In this morning’s “Our View,” MrTopStep.com CEO Danny Riley mentions “something so basic that most traders don’t even look at it: premium levels, fair value (FV) and volume.” For months, I’d heard Danny mention buy and sell programs and premium. I put the fair value into our daily report and looked back at premium and price history. And as often happens, I was also thinking about robots.
If you watch CNBC with the volume up, you’ve heard them say “fair value” every morning, when they quote the pre-open S&P 500 futures [^GSPC:SNP].
If you’re like me, you probably thought “fair value” was something like the blue book price for a used car. And you might have thought about whether stocks and index futures were overpriced or a bargain.
Little did I know fair value premium is the major driver of price action in index futures. China’s PMI, the Fed, housing prices, unemployment—they may affect investors’ feelings about where the long-term value is.
But it’s the premium between fair value and futures that moves the price up and down the ladder, tick by tick. Why? Robots, of course. (More on that below.)
And since funds and banks use futures to hedge their portfolios, as in the recent rotation into tech stocks, fair value plays a big role in the stock market as well.
To put it simply, a difference between the current futures price and fair value constitutes a premium. If futures is above fair value, then you sell the futures and buy the cash S&P. If futures is below fair value, then it’s a bargain; sell the cash and buy the futures. Then you liquidate the spread and keep the difference as profit.
You’re probably saying, I’ve never done that kind of trade. You probably haven’t. You may also be saying, sometimes that premium is just a few points or ticks. You’d have to be really fast to profit. Yes, you would. Maybe faster than humans can be.
60% to 75% of trades are done by index arbitrage buy and sell programs, algorithms that trade the difference between the actual current price and the future price, selling the higher one and buying the lower. To do this, they (and other algos) lay down buy and sell stops–often months in advance–and then run them when the time comes. This is how a small move turns into a run, as it did Friday.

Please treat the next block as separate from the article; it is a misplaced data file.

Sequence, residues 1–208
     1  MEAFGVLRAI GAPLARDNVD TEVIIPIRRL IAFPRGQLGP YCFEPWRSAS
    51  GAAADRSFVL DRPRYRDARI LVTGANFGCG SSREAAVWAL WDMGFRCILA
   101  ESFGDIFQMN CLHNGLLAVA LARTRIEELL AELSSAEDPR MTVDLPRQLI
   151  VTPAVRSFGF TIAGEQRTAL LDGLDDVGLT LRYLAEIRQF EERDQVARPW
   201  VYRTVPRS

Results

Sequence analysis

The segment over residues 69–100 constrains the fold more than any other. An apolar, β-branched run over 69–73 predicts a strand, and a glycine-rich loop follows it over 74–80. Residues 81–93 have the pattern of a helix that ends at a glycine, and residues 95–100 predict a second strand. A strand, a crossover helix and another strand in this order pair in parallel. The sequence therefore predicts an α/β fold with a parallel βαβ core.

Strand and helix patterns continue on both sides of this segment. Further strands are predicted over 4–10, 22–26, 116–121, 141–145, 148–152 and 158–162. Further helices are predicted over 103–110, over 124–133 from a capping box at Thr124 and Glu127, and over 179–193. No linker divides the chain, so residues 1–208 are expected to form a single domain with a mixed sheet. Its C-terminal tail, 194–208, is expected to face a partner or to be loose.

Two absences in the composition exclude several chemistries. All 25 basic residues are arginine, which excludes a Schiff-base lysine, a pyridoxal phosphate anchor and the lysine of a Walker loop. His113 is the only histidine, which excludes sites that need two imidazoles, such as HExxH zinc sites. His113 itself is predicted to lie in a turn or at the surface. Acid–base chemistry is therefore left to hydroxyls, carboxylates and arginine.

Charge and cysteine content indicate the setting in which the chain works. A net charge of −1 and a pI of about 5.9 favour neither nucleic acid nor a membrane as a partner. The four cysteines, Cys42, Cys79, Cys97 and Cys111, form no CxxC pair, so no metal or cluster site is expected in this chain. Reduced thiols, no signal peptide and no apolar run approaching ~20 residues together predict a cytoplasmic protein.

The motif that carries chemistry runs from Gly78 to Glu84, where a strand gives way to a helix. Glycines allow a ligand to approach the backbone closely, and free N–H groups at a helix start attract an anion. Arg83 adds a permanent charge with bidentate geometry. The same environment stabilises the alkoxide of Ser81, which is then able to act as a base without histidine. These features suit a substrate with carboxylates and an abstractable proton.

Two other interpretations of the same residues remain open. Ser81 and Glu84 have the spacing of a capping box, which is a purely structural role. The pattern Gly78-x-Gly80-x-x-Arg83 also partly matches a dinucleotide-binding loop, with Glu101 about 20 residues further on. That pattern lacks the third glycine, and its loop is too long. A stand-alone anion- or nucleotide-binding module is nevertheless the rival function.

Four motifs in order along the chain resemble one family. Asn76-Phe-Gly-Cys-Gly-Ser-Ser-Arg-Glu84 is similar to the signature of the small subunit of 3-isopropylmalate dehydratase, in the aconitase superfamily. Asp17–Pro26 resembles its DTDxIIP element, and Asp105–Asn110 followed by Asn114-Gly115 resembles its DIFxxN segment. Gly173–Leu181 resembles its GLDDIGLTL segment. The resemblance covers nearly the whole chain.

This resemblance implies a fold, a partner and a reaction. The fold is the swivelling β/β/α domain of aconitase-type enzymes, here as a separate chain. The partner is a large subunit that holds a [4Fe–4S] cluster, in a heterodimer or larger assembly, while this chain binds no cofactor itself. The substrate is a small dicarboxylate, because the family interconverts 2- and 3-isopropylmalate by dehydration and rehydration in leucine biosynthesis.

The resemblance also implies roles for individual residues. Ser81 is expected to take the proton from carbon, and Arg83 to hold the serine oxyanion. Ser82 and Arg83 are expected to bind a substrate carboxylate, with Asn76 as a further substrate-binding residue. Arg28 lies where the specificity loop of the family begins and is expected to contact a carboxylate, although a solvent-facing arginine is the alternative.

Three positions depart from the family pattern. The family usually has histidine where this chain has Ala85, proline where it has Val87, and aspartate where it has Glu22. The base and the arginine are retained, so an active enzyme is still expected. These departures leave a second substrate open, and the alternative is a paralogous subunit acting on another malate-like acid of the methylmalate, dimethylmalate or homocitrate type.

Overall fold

So what can mere humans do against the droid army? Keep being human, but learn one thing from the bots. They do what they plan to do.
When their stop is hit, they exit. When the market meets their entry conditions, they pull the trigger without hesitation. They don’t fantasize about big winners or let a loss make them go back and analyze their childhoods.
They trade like, well, machines, knowing that losing is part of succeeding and being just as willing to take losses as profits, as long as their edge gives them profit that exceeds the loss. Otherwise, unlike humans, they stop trading.
I’ll say it again: there is no holy grail of investing or trading. You are the holy grail.
Last Friday morning, futures were 10 full points below fair value before the open. And had been negative 10 of 15 days this year. That was enough to tell you how the day was likely to go. Wasn’t it?
One more thing: remember that robots, even more than humans, remember price levels of significance, where there was a lot of volume and a lot of time spent.
Those levels act as magnets on humans and perhaps even more on algorithms programmed to mirror human desire.
So is it any wonder the drop stopped on the red trendline? And will you be surprised when it drops to 1750 or 1715?
Let’s put some things together. The Friday-Monday rule says that Monday will continue Friday’s momentum.
And the Asian markets traded sharply lower. (My Asia Sunday Rule says that Asia will start a trend and then hand it off to the US to continue or will start and finish a move and let the US digest it.)
And the S&P futures has been below or at fair value most of the night but are now 5.46 points above as of 7 AM CT. Do these things suggest how today will probably go? A bounce and then continuation of the downtrend seems likely.
The next level down is in the low 1760s. I hesitate to write that because some of you will just short from Random Point A to Random Point B, lose money, and be sad. I hope you won’t do that. But then again, everybody gets what they want from the market.